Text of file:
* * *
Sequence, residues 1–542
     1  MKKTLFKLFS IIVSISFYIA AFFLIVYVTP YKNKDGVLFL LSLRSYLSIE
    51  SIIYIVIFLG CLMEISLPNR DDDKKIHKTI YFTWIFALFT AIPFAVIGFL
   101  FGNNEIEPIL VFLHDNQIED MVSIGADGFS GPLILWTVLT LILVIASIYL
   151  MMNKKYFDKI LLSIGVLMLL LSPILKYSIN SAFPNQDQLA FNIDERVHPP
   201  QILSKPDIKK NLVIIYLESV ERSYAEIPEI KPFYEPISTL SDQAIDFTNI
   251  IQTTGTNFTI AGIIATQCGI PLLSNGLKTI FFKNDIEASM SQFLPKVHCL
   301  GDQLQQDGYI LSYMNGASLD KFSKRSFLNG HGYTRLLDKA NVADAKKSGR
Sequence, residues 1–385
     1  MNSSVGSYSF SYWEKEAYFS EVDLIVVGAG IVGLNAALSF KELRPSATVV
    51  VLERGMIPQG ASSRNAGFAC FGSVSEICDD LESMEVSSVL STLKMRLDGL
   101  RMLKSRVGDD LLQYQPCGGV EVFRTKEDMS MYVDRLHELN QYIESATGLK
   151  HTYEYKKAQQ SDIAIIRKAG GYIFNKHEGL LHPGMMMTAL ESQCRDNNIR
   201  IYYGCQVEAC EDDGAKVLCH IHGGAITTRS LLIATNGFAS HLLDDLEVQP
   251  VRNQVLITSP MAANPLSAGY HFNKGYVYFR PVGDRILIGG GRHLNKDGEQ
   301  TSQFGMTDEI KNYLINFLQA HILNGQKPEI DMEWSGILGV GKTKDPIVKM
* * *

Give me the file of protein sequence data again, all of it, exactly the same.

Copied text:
Sequence, residues 1–542
     1  MKKTLFKLFS IIVSISFYIA AFFLIVYVTP YKNKDGVLFL LSLRSYLSIE
    51  SIIYIVIFLG CLMEISLPNR DDDKKIHKTI YFTWIFALFT AIPFAVIGFL
   101  FGNNEIEPIL VFLHDNQIED MVSIGADGFS GPLILWTVLT LILVIASIYL
   151  MMNKKYFDKI LLSIGVLMLL LSPILKYSIN SAFPNQDQLA FNIDERVHPP
   201  QILSKPDIKK NLVIIYLESV ERSYAEIPEI KPFYEPISTL SDQAIDFTNI
   251  IQTTGTNFTI AGIIATQCGI PLLSNGLKTI FFKNDIEASM SQFLPKVHCL
   301  GDQLQQDGYI LSYMNGASLD KFSKRSFLNG HGYTRLLDKA NVADAKKSGR
Sequence, residues 1–385
     1  MNSSVGSYSF SYWEKEAYFS EVDLIVVGAG IVGLNAALSF KELRPSATVV
    51  VLERGMIPQG ASSRNAGFAC FGSVSEICDD LESMEVSSVL STLKMRLDGL
   101  RMLKSRVGDD LLQYQPCGGV EVFRTKEDMS MYVDRLHELN QYIESATGLK
   151  HTYEYKKAQQ SDIAIIRKAG GYIFNKHEGL LHPGMMMTAL ESQCRDNNIR
   201  IYYGCQVEAC EDDGAKVLCH IHGGAITTRS LLIATNGFAS HLLDDLEVQP
   251  VRNQVLITSP MAANPLSAGY HFNKGYVYFR PVGDRILIGG GRHLNKDGEQ
   301  TSQFGMTDEI KNYLINFLQA HILNGQKPEI DMEWSGILGV GKTKDPIVKM